However, no one till date knows the real cause. The Navy's Court of Inquiry did not reconvene after the 1969 investigation, and did not take testimony from a group of submarine designers, engineers and physicists who spent nearly a year evaluating the data gathered from the wreck of Scorpion. 
 
Related Articles 
 
1) Check out Bermuda Triangle Incidents to know about many other amazing mysteries of Bermuda Triangle. 
 
2) Check out Bermuda Triangle Theories that try to explain the major disappearances. 
 
Your Reviews 
NOTE: I manually evaluate all posts and include only the ones that are original (not copy pasted from other sources) and having some serious matter. 
 
James J. Simpson (February 2015) 
Initial event was an internal explosion in the Torpedo Room caused by a low yield detonation of a skid mounted torpedo. The cause of the detonation may never be known. The force of the explosion (over pressure) resulted in both the escape trunk personnel hatch and the torpedo loading hatch being blown open and detached from their hinges. Pictures of the wreck clearly show the detachment. Recent reanalysis of the sounds recorded at the time of the sinking, indicate the blown hatches to have occurred .5 seconds apart. The Torpedo Room flooded quite rapidly and the forward main ballast tank blow system may have failed due to the explosion. The resulting down angle prevented the ship from surfacing in the forward direction. Most likely, the crew tried to back the ship to the surface. This may have been successful but a severe down angle still would have been present causing the propeller to repeatedly break the surface and submerge. This then resulted in stress to the propeller shaft causing it to break within the pressure hull, extruding through the seal mechanism and flooding the Engine Room. Flooding of the Engine Room would have been complete by the time the ship had descended to crush depth. The hull collapse of the Auxiliary Machine Space resulted from the pressure on the Engine Room bulkhead and the pressure hull exterior stress of the AMR. This then caused the 'telescoping' of the Engine Room into the spaces forward of it. This then resulted in the rapid flooding, atmosphere pressurization and breach of the fuel oil tanks within the Operations Compartment. The resulting explosion caused the ship to break in two at the forward end of this compartment. The sequence of events stated here are the result of extensive review of the wreck site photos. Many who have speculated on the cause of the sinking have never reviewed the photos and may never have set foot in a submarine. I was qualified in submarines and crewed aboard one for 7 years, I know what I'm talking about.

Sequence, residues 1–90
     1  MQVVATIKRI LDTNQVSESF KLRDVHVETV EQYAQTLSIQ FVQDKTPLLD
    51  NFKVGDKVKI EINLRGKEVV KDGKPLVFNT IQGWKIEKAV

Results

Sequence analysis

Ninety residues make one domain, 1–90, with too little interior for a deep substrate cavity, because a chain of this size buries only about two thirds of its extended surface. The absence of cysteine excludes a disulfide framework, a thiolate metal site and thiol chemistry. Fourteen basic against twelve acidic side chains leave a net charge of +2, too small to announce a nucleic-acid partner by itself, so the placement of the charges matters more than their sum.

Jim (Submariner) January 2015 
Walt is incorrect, The Scorpions operating depth was limited by Sublant to 500 ft (not deep). Reactor Scrams do not cause a ship to sink, negative buoyancy does. The ship would not have scramed the reactor. that is pure speculation. The only people who know the exact reason, are those brave men who gave their life aboard that ship. May they rest in peace.  
 
Walt (Ex-Submariner) November 2011 
USS Scorpion sank not in the Triangle but across the Atlantic off the Azores. Sub was deep and doing training, they scrammed the reactor and could not get passive measures re-balanced and slipped backwards down past crush depth and imploded, the site is currently monitored for radio active leakage, none so far. 
 
 
 
 
 
 
 
 
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By Raj Bhattacharya